Posted on December 12 2014 by Nathanial Rumphol-Janc
If there was one aspect of Ocarina of Time 3D most fans can agree was a slight let down, it was that the music itself didn’t get the same “remade” treatment the game did. Some felt maybe Grezzo was being lazy or possibly that the budget didn’t exist to take care of it. Whatever the case may be, folks generally wished it happened. Koji Kondo has finally spoken up on why it didn’t occur, as it appears it was entirely his own decision to not do it:
“IGN: Thanks for playing! For my last question, I read in an interview that for Ocarina of Time 3D, you had requested for the development team to stay faithful to the original N64 sound. Why did you think that was important? Why not remaster the music, similar to the way a game company would remaster graphics?
Kondo: As far as cleaning up the quality of the sound itself, of course that’s something we wanted to do. We did have them go through and make sure we took out miscellaneous impurities in the sound. But the way the gameplay and the music were tied together through tempo was something we really took a lot of time adjusting and making just right in the original.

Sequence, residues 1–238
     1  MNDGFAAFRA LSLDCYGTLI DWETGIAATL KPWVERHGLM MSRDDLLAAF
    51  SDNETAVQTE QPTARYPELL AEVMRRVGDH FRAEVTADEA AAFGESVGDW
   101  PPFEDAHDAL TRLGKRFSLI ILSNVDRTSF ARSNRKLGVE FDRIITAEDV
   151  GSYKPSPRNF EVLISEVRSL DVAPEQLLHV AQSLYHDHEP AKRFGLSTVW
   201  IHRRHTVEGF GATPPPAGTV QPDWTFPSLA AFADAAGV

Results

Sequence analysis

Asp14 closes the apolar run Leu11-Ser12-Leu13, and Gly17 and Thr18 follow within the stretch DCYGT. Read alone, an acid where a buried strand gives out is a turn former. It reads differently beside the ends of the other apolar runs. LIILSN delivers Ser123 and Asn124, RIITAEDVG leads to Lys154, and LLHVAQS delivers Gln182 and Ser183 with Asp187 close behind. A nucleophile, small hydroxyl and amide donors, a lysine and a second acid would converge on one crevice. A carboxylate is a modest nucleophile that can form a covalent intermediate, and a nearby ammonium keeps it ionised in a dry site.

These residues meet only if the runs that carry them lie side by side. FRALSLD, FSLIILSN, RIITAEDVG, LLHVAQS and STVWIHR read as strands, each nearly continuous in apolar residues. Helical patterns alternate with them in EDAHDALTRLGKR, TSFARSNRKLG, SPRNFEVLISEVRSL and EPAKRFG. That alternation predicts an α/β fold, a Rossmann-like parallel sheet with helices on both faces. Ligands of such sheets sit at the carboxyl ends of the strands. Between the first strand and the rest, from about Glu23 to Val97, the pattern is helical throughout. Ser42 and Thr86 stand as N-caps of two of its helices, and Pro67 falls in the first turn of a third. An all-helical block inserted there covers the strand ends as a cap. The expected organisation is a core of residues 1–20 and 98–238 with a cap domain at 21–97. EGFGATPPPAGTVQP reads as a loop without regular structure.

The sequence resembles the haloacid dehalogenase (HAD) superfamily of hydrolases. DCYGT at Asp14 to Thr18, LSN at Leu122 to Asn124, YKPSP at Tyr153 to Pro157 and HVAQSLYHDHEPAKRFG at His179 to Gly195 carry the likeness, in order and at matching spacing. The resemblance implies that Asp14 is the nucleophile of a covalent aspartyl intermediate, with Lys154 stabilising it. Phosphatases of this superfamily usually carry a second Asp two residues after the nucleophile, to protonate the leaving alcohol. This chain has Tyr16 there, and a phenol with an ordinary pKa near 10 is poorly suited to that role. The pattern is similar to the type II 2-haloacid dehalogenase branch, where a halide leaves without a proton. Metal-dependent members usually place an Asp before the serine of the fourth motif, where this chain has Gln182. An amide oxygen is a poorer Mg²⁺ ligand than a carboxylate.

I was worried that when they were doing the 3DS version, with the increased processing power, that the game might play a bit differently, and we didn’t want the music to be sped up even slightly, or slowed down even slightly, based on the technology they were using. All I asked was that they paid a lot of attention to how the music interacted with the game, and that the tempo had the same balance. We didn’t want to lose the way that worked in the original game. I just asked that they stayed true to that. For instance, the transition between music and sound effects.
As you know, a lot of times music is about not just what’s playing, but when it’s not playing, and how that silence impacts the time when there is sound. That’s just one area where, again, the tempo had a huge role in how the game felt when being played.”
It appears Koji Kondo was worried about how the music interacted with the game, since a lot of fine tuning went into the original release. As he noted, a few missteps were cleaned up, but generally speaking they used the original tracks as they were in 1998. This probably is a telling sign that the music won’t be retouched in Majora’s Mask 3D either, which releases early in 2015.